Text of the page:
UPDATE: Booz Allen Hamilton Issues Statement on Hack

Tuesday, July 12, 2011

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UPDATE 7/12/11: Booz Allen Hamilton has released the following statement:

Booz Allen Hamilton has confirmed today that the posting of certain data files on the Internet yesterday was the result of an illegal attack. We are conducting a full review of the nature and extent of the attack. At this time, we do not believe that the attack extended beyond data pertaining to a learning management system for a government agency.

Our policy and security practice is generally not to comment on such matters; however, given the publicity about this event, we believe it is important to set out our preliminary understanding of the facts. We are communicating with our clients and analyzing the nature of this attack and the data files affected. We maintain our commitment to protect our clients and our firm from illegal thefts of information.

UPDATE 7/11/11:  Sources indicate that the National Security Agency (NSA) may be the subject of the next leak - stay tuned for more updates...

Gizmodo is reporting that hacktivists with the Anonymous/AntiSec movement have breached Booz Allen Hamilton's networks and published 90,000 military email account login credentials.

Booz Allen Hamilton is one of the largest consulting firms in the world, and the company does extensive business with the Federal government, including the Pentagon.

The leak is being touted as "Military Meltdown Monday" and includes "logins of military personnel—including personnel from US CENTCOM, the Marine Corps, various Air Force facilities, Homeland Security, State Department staff, and what looks like private sector contractors," according to the Gizmodo article.

"Their correspondences could include exchanges with Booz Allen's highly brassy staff of retired defense folk: current execs include three former Directors of National Intelligence and one former head of the CIA. Anon was also kind enough to gut 4 GB of source code from Booz Allen's servers," the article states.

Aside from the email account credentials leaked, the hackers stated the following information was also breached:

"Additionally we found some related datas on different servers we got access to after finding credentials in the Booz Allen System. We added anything which could be interesting. And last but not least we found maps and keys for various other treasure chests buried on the islands of government agencies, federal contractors and shady whitehat companies. This material surely will keep our blackhat friends busy for a while..."

The breach of Booz Allen Hamilton's network may only be the tip of the iceberg, as several tweets from antiSec members indicate more is on the way, such as this latest message from Sabu (@AnonmouSabu):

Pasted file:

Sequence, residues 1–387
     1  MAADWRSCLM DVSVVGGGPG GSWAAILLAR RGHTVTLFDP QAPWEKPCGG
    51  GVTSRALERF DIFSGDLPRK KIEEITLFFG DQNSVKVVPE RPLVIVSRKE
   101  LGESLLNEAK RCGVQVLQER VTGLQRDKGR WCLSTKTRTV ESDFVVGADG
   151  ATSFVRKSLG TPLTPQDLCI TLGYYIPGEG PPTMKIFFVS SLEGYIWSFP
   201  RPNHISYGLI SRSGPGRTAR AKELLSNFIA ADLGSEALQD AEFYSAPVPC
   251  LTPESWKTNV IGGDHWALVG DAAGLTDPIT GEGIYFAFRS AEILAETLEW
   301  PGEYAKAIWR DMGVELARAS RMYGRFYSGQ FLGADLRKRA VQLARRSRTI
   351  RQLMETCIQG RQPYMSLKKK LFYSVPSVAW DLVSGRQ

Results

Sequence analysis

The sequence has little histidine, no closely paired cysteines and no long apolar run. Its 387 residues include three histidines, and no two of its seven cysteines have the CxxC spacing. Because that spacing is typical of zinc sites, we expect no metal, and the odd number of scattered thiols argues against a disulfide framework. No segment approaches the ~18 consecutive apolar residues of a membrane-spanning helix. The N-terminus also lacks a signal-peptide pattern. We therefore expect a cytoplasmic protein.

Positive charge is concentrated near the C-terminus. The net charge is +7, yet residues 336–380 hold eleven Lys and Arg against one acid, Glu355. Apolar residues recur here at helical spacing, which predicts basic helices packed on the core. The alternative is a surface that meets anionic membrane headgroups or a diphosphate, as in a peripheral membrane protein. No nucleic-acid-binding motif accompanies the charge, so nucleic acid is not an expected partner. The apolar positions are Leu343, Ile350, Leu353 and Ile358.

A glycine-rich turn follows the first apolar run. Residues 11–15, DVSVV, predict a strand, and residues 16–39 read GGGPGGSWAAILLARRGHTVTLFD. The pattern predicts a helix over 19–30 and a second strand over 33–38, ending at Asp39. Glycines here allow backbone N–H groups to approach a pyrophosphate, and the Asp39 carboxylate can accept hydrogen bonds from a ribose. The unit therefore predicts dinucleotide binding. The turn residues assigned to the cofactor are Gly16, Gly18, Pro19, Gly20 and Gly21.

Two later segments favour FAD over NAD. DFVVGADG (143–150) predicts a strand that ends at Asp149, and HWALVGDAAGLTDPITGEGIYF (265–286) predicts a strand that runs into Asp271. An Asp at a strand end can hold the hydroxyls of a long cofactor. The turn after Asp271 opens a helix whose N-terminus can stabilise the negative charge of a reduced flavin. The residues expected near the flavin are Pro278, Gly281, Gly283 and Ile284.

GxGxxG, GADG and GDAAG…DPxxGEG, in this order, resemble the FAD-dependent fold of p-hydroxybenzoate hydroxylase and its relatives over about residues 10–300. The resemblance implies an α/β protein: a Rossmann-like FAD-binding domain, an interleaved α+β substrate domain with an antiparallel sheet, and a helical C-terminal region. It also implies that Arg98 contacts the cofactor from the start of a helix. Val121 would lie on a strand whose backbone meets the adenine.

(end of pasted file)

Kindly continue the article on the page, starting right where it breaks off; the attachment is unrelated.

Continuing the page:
"ATTN Intelligence Community: BAH Is just the beginning. busy all day today. BBL"

Booz Allen Hamilton issued the following statement on their Twitter account:

"As part of security policy, we generally do not comment on specific threats or actions taken against our systems."

Infosec Island has contacted senior officials from Booz Allen Hamilton seeking confirmation of the breach and comment on the event. This article will be updated if our requests for additional information are granted.

Hat tip to Niels Groeneveld (@nigroeneveld) for his tireless efforts.

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Post Rating I Like this!
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Michael Menefee if THIS doesn't lead to some arrests...the US government has some serious, serious problems.
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Michael Thibodeaux So the question is not how much the execs will have to pay for not having adequate security in place for a data breach?
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cliff sull What a Goldmine for foreign hackers...
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Sam Bowne Booz's statement is incorrect. When I first examined the files, I reached the same conclusion. But I asked friends for help, and they helped me find the password hashes in the middle of the huge transaction log. I found approx. 150,000 hashes. I was unable to crack them using simple web tools, but I have heard a rumor that half of them have now been cracked.
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Michael Fisher Hopefully BA has changed the entire security scheme and all the stolen PW's would then be useless. CENTCOM most likely would not be directly affected as they use multilevel security for access like many agencies.
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